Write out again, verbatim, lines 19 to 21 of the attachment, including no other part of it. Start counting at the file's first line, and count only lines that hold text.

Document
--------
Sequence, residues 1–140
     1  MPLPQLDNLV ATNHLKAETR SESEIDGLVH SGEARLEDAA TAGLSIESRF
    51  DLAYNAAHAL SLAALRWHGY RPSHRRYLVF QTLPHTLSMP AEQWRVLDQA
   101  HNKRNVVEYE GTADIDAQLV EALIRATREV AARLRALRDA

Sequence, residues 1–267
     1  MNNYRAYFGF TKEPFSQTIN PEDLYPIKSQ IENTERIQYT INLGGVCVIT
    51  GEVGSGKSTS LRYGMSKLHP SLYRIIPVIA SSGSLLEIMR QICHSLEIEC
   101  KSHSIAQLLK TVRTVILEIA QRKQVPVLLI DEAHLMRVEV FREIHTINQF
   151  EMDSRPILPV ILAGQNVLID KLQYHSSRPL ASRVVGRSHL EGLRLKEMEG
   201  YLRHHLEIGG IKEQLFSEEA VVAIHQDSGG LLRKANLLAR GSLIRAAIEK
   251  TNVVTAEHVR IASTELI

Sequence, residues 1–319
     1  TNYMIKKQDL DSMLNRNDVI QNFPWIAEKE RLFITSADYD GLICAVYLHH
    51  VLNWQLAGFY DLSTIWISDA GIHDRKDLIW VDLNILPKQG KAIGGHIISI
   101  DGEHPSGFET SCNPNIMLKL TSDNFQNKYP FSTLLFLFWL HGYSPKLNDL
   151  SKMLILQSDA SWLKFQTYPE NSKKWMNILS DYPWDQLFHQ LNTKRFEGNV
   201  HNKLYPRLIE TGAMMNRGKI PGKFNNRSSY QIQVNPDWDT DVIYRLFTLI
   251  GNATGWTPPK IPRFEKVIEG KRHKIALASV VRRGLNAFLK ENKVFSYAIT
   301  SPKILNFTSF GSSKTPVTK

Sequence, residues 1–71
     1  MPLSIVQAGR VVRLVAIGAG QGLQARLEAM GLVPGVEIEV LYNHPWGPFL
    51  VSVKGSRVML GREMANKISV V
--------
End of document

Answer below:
   301  SPKILNFTSF GSSKTPVTK

Sequence, residues 1–71
     1  MPLSIVQAGR VVRLVAIGAG QGLQARLEAM GLVPGVEIEV LYNHPWGPFL